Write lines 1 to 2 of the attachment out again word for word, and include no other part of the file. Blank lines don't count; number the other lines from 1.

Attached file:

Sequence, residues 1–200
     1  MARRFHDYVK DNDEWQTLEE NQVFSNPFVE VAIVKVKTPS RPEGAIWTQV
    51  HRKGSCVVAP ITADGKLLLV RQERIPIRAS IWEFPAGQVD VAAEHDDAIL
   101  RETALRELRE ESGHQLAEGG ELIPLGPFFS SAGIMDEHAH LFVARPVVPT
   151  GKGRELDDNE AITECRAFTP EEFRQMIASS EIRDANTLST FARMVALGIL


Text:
Sequence, residues 1–200
     1  MARRFHDYVK DNDEWQTLEE NQVFSNPFVE VAIVKVKTPS RPEGAIWTQV